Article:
History has given us far more Figueroas in the game than Matt Harveys or Stephen Strasburgs. Harvey and Strasburg have power potential and will always get a shot. Things must break right for Figueroa to get his.

Figueroa has bounced around the globe in search of a job, last pitching in the major leagues with Houston in 2011. He’s been with the Phillies. Toronto and the Yankees released him without his cup of coffee. He has pitched in the winter leagues, for Mexico, for just about anybody who would give him the ball and a few dollars.

Figueroa pitches because that’s what he does. The sport is in his blood, rushing through his veins and consuming his soul. Until he’s physically unable, or run out of teams, Figueroa will pitch. It is players like him, perhaps even more than players like Justin Verlander, as the reason we watch.

Verlander is elite. Figueroa is more like us, who once dreamed of the big leagues. However, unlike us, he persevered through rough times, rejection and defeat to get the taste we will never.

Mar 15

Ike Davis Merits An Extension, But Getting One Done Remains To Be Seen

ike-davisMets GM Sandy Alderson was a guest of Mark Hale and Mike Vaccaro of the New York Post on their podcast today, and he had some interesting things to say about a variety of Mets topics.

At one point, Hale brought up the possibility of signing Ike Davis to an extension and buying out his arbitration years, similar to the extension the Mets completed last spring with left-hander Jonathon Niese.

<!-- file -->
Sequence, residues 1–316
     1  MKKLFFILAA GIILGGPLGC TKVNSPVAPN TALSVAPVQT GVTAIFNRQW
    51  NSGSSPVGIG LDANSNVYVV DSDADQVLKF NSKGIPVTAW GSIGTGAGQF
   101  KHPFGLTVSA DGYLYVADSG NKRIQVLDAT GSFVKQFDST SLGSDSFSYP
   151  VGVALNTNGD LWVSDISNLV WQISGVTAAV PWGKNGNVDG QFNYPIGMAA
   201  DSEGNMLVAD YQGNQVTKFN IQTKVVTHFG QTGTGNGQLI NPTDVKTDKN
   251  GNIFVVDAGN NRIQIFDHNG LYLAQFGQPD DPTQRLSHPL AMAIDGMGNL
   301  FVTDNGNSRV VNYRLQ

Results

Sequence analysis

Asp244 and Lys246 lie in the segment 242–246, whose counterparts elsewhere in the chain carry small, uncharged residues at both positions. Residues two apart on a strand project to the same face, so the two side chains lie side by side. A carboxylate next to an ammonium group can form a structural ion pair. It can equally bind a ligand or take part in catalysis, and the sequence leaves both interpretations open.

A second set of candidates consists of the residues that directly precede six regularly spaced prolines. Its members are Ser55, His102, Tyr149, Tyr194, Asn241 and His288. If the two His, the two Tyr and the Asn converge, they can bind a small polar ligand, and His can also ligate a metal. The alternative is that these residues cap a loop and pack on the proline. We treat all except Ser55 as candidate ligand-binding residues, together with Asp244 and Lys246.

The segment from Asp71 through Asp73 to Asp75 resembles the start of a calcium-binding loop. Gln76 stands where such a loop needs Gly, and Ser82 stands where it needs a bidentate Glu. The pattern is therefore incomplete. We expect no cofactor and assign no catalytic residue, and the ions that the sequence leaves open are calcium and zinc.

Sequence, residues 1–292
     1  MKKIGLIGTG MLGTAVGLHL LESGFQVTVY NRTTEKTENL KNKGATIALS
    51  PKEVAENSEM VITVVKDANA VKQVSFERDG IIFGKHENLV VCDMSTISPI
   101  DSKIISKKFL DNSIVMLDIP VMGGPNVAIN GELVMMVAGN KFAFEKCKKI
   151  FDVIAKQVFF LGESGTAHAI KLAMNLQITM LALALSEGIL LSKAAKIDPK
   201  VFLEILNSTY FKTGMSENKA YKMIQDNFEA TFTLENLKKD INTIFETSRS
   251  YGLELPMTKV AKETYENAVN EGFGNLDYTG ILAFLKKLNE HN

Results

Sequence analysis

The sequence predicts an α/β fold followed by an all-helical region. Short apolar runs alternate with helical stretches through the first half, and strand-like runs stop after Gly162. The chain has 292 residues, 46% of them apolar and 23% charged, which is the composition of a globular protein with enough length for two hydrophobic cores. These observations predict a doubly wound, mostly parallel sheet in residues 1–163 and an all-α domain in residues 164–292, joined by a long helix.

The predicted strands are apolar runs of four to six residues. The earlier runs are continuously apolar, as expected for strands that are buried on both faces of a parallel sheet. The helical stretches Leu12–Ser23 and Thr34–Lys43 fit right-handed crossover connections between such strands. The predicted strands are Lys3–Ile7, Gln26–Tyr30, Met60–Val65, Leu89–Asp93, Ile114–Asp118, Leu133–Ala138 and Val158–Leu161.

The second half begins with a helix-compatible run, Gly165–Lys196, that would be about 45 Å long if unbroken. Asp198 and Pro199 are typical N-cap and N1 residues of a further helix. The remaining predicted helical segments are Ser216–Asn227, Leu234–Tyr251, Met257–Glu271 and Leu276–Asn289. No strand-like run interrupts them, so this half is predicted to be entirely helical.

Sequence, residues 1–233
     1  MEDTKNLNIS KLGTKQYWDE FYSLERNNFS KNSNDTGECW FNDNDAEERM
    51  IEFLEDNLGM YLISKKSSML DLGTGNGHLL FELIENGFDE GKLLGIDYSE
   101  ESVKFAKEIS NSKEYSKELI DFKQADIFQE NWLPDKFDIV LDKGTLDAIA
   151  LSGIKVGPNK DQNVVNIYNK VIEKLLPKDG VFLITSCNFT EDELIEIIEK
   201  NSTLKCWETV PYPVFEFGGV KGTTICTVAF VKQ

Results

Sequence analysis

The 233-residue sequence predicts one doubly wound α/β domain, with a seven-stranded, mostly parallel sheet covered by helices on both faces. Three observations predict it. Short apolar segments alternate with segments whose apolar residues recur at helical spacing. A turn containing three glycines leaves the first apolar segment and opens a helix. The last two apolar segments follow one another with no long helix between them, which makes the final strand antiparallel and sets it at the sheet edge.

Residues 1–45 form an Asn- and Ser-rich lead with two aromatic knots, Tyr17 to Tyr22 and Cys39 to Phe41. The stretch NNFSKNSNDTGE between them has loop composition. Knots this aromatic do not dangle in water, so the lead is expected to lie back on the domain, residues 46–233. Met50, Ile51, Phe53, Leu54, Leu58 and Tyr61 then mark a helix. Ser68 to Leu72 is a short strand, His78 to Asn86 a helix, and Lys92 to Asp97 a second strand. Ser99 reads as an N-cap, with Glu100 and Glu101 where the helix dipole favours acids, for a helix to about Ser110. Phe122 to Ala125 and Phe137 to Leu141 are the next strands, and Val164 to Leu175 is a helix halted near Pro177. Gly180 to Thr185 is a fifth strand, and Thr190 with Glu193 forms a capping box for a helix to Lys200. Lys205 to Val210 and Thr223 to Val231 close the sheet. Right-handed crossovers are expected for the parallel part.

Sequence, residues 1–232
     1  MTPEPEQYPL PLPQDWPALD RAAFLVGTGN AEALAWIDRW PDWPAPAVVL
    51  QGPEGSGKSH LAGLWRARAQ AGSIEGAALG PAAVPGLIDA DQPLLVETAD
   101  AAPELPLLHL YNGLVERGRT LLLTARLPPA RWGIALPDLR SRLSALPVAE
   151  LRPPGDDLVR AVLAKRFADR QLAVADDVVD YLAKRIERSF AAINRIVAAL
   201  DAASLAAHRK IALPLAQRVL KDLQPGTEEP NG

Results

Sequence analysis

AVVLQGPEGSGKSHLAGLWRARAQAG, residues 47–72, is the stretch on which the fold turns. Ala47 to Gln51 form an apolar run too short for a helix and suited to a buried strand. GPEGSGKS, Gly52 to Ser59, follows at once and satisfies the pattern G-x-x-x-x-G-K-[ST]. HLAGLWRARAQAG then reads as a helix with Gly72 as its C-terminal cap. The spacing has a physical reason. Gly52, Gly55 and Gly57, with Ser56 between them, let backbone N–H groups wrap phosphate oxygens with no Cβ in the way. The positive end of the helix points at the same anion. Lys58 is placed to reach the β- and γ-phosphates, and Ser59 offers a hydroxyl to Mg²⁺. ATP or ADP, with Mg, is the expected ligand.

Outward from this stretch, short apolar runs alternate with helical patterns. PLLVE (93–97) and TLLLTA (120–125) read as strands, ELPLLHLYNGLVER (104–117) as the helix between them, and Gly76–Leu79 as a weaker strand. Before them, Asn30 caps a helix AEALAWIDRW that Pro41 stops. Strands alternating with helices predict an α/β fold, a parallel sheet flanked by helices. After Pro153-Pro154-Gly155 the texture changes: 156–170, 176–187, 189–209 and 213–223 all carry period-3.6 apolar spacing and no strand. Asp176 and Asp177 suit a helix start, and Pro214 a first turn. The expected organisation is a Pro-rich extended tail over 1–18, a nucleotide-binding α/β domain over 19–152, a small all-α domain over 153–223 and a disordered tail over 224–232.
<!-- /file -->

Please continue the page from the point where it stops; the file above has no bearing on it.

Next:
“We’re always looking at our young players to see if it makes sense, both from their standpoint and ours, to do complete something on a longterm basis,” Alderson said.

Ike Davis is coming off a big second half last year, showed up to camp in great shape and in great spirits, and we see him taking on a bigger leadership role in the clubhouse right behind Captain America – David Wright.”

“Any kind of an extension has to fit for us and it has to fit for the player. So it’s something we’ll keep an eye on. Sometimes the player is not interested, and sometimes the agent is not interested. It’s one of those things that has to work for both sides.”

We’ve discussed this topic a few times already this offseason, and back on January 22, I wrote the following regarding Ike Davis and the possibility of extending him:

Now that the Mets have avoided arbitration with Davis and both sides have agreed on a one-year deal worth $3.2 million dollars, the plot thickens somewhat.

Davis gets a hefty raise from the $500K he earned last season. It’s the first step to a four year process that will take his salary to the $15 million dollar a year range by 2016.